Cabaret singer Ute Lemper’s new project, “Songs for Eternity,” draws on the history of songs written by Jewish artists in camps and ghettos during the Holocaust. (Steffen Thalemann)

Ute Lemper, 53, began her cabaret career performing the works of composer Kurt Weill, who, like her, left Germany to live and work in the United States.

Lemper has spent more than three decades interpreting songs by writers as varied as Tom Waits, Philip Glass and Nick Cave, and adapting the works of Charles Bukowski, Paulo Coelho and Pablo Neruda. But one of the singer’s recent projects, “Songs for Eternity,” is largely unknown songs by Jewish composers persecuted by the Nazis. Lemper will perform the songs at Sixth & I Historic Synagogue on Wednesday; we spoke to her by phone from her home in New York.

Q: Tell me about “Songs for Eternity.”

A: These songs, most of them in Yiddish, are out of the history of songs written in the ghettos between 1942 and 1944 and in the concentration camps. It’s a very specific program that I developed two years ago now, with the 70th anniversary of the liberation of Auschwitz in 2015. I met this amazing man who researched all this music, [Italian pianist and musicologist] Francesco Lotoro. He and I started to get all different sources of music from around the world.

I fell upon this book, “Songs Never Silenced” by Shmerke Kaczerginsky, that was first published in 1946 here in New York. He was a survivor, and he started documenting this music, partly by script and partly by word-of-mouth. I put together an evening of incredible songs witnessing the history of songs that described the life in the ghettos, the witnessing of torture and horrible situations that occurred in the concentration camps. But also songs of incredible hope and spirit and belief in beauty, belief in survival, songs of revolt against the terrible torture of the times.

Q: Were these songs new to you?

A: To me they were pretty new, but some of them were published a while ago, maybe 30, 40 years ago, and two or three songs are maybe known to people with special interest in this territory, but a lot of them are new to all of us.

Q: It’s remarkable they were able to write songs at all in that situation.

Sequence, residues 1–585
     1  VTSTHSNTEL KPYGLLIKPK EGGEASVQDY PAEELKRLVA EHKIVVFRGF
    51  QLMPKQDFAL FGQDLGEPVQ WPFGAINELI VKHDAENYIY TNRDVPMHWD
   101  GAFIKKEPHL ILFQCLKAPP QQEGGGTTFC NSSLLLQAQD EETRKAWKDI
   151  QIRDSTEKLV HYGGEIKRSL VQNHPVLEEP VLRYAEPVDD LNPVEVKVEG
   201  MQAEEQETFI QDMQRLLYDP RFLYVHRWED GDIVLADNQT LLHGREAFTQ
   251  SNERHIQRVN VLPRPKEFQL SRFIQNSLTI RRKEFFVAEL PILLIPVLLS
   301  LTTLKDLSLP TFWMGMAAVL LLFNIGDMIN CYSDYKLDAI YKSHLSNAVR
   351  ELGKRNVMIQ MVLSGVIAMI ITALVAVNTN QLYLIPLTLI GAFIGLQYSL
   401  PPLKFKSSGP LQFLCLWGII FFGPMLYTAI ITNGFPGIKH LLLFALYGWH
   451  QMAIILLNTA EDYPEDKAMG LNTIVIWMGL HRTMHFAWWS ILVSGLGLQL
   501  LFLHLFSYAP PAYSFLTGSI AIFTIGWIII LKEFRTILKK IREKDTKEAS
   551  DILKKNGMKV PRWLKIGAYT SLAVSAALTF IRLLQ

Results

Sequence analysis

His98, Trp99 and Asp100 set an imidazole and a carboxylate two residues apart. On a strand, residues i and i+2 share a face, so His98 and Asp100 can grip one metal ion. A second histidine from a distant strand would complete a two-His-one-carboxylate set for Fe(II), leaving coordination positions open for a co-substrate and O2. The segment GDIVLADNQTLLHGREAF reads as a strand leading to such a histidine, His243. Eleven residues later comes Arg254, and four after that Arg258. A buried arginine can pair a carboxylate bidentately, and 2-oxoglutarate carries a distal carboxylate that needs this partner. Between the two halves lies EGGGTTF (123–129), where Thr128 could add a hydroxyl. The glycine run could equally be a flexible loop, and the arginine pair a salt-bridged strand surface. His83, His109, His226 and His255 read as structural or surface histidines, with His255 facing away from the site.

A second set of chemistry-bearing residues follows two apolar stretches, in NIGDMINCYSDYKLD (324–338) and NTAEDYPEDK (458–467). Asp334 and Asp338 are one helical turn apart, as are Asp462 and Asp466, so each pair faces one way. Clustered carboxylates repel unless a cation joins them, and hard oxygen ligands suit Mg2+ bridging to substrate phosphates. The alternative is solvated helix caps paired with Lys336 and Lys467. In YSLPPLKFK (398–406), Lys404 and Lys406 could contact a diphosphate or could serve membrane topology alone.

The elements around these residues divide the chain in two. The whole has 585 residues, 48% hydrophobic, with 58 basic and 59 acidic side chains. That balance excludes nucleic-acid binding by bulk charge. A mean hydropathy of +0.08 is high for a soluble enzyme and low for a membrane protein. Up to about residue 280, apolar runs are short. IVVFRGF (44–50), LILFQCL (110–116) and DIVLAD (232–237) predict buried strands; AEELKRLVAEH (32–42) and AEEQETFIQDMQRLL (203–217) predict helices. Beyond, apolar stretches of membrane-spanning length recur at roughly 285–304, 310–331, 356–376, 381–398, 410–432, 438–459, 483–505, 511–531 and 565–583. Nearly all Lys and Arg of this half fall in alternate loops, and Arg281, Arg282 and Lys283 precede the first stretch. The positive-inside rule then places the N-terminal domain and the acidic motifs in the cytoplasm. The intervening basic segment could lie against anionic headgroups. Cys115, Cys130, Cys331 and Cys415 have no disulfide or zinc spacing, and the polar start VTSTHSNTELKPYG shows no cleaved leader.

A: Yes, but for example, in the ghetto in Lithuania, there were musical competitions and some songs are written by very young composers and writers, poems — some of the writers are 16, 17 years old … And then we have the famous concentration camp Theresienstadt, which was the ghetto of the elite, where the composers, the writers, the journalists, the architects were incarcerated, not in prison clothes, and they were encouraged to perform and to organize concerts every weekend at the beautification program — the concentration camp was cleaned from every trace of torture and death from the Red Cross, and other countries were invited to see how “humane” the prisoners were treated and were permitted to keep their artistry going.

A lot of work actually was written at Theresienstadt, and there are a bunch of songs that are out of this history of this specific camp, but all of those were works written by artists who, in ’44, were brought on the trains to Auschwitz, and all of them were gassed. There was a quite incredible repertoire out of this concentration camp.

Q: There is probably a story to go with each song.

A: Not only does every song have a story, every composer has a story. There’s Ilse Weber, a poet, writer and composer in the Prague ghetto who was brought to Theresienstadt and then brought with her entire family to Auschwitz later on and was killed, but her husband survived, and he was able to hide scrolls of her music in the columns of the horse stables of Theresienstadt. After being liberated from Auschwitz, he made it back to Theresienstadt to look for those scrolls, and he found them and published them many years later.

Q: It’s amazing he could find them.

A: Yes, that is unbelievable. I guess he went back soon after the liberation. Francesco Lotoro also heard an amazing story about Ilse Weber that really was breathtaking and horrible to tell. She became a nurse at Theresienstadt in charge of the children. She brought them with her on the train to Auschwitz, and she knew for some reason when they arrived they would all be brought straight to the gas chambers.

She told the children once they entered the gas chambers to sing. Because she had always sung with the children. That was always her way of making them feel better. She told them to breathe in deep and sing loud once they would enter the shower rooms, because she knew it would initiate death faster through deep inhalation, so the struggle would not be so long. It’s just so horrible.

This music is really sacred music and for me, a very difficult journey to go through this repertoire, but … it’s an incredible important reminder of the past, and important homage to the Jewish people, which I also want to do. Being German-born, it’s always been my first mission in life as a performer, as a singer, as a writer, a composer myself, too, to pay homage and, mostly, reopen the dialogue.

Q: Beyond history, is there a message for today?

A: It is of course the message of a search for humanity, justice, peace, equality. It is a message of never to let this happen again. But also a reminder of what did happen in the most cultivated societies where progress and sophistication was taught in schools and universities, and yet people were manipulated into the worst areas of believing in discrimination and racism to the most extreme degree. This is a reminder.

Ute Lemper: Songs for Eternity Feb. 8 at 7:30 p.m. at Sixth & I Historic Synagogue, 600 I St. NW. Tickets: $25-$30. 202-408-3100. sixthandi.org.